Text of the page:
Tinnitus and event related potentials: a systematic review

Braz J Otorhinolaryngol. Jan-Feb 2020;86(1):119-126. doi: 10.1016/j.bjorl.2019.09.005. Epub 2019 Nov 4.


Introduction: Tinnitus is sound perception in the absence of a sound source. Changes in parameters of latency and amplitude on the auditory event related potentials or long latency potentials waves have been cited in tinnitus patients when compared to a control group.

Objective: To perform an assessment of scientific evidence that verifies the possibility of alterations in latency or amplitude of the waves of event related potentials in individuals with tinnitus.

Methods: By using SciELO, Lilacs, ISI Web and PubMed, scientific databases, a review was performed. Articles published in English, Portuguese, French and Spanish that correlated tinnitus with changes in event related potentials were included in this review.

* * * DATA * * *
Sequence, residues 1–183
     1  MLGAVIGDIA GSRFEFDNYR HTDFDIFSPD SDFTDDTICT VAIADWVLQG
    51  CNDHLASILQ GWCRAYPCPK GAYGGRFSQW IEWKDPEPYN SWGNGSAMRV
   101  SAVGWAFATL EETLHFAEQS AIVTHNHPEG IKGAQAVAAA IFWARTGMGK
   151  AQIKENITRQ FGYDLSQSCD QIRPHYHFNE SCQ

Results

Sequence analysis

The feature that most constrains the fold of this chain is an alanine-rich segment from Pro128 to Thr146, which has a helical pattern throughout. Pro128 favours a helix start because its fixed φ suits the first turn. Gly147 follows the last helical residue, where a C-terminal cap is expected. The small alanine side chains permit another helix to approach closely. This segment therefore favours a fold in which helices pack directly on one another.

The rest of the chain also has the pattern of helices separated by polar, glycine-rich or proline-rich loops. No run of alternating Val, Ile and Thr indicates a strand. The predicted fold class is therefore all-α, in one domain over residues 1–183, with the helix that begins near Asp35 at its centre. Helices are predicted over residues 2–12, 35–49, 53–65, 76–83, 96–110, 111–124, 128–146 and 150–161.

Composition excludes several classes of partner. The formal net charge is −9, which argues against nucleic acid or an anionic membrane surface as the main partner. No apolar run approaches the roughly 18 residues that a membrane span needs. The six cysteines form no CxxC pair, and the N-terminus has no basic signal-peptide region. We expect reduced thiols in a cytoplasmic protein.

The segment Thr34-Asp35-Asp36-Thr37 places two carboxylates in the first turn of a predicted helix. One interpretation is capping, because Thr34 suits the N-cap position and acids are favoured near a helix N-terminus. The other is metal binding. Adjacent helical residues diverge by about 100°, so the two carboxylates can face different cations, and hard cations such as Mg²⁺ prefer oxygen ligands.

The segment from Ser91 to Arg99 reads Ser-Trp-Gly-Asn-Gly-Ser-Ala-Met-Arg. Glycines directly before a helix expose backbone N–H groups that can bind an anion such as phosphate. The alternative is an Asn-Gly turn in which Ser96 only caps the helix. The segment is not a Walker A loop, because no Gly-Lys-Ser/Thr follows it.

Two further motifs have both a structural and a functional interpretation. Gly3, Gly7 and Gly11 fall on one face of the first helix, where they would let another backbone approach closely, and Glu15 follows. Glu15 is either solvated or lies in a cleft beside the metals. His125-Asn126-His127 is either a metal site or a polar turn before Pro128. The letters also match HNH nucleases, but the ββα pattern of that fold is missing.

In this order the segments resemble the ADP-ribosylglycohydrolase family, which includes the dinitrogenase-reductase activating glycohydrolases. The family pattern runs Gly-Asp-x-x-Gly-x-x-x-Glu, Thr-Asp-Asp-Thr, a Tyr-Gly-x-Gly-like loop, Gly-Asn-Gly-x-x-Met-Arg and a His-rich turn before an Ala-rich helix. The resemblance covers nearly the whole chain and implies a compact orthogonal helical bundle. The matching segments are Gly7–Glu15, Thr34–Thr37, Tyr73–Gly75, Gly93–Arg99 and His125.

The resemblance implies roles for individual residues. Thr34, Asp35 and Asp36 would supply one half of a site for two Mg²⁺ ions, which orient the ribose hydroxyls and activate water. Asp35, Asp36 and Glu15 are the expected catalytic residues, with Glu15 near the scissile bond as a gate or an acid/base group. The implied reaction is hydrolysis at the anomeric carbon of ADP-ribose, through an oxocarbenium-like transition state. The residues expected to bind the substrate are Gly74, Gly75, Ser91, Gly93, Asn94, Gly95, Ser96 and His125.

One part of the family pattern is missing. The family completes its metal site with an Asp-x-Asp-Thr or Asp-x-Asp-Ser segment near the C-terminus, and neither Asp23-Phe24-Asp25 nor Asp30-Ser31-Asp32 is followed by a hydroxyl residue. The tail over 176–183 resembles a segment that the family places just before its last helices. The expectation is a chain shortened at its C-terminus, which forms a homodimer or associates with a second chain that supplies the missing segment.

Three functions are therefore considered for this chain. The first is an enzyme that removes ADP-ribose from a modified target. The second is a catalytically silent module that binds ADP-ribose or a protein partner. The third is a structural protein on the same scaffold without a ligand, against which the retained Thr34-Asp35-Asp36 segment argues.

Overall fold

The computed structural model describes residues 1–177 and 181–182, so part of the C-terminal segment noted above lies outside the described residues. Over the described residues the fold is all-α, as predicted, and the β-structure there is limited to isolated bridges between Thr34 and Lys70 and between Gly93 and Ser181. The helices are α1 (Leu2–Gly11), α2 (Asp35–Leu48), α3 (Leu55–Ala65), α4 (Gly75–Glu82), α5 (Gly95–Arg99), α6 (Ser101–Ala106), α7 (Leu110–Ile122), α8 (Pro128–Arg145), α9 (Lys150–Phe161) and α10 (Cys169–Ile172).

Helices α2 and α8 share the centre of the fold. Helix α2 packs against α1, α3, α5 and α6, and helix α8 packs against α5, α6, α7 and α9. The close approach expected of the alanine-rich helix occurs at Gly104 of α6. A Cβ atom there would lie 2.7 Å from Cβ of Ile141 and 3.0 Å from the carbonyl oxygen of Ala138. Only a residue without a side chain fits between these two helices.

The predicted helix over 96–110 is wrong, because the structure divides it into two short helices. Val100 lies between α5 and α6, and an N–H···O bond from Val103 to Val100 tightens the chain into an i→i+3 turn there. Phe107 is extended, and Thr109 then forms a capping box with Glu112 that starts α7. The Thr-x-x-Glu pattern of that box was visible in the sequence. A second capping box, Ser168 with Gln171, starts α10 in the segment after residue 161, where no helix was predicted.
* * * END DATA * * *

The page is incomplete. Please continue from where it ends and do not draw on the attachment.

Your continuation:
Results: Twelve articles were located, however only eight fulfilled the criteria for inclusion.

Conclusion: The sample of selected studies demonstrate that the long latency auditory evoked potentials related to events between the control and tinnitus patients showed some changes in latency and or amplitude in tinnitus patients. There are changes in event-related potentials when comparing patients with tinnitus and the control group. These changes take place considering the severity of tinnitus, tinnitus site of lesion, and capacity for changes after interventions. The event related potentials can help to determine the neurotransmitter involved in tinnitus generation and evaluate tinnitus treatments.

Keywords: Auditory evoked potentials; Event Related Potentials (ERP’s); Long latency potentials; P300; Potenciais de longa latência; Potenciais evocados auditivos; Potenciais relacionados a eventos; Tinnitus; Zumbido.

Publication types

  • Systematic Review

MeSH terms

  • Attention
  • Event-Related Potentials, P300 / physiology
  • Evidence-Based Medicine
  • Evoked Potentials / physiology*
  • Evoked Potentials, Auditory / physiology*
  • Humans
  • Tinnitus / physiopathology*
  • Tinnitus / psychology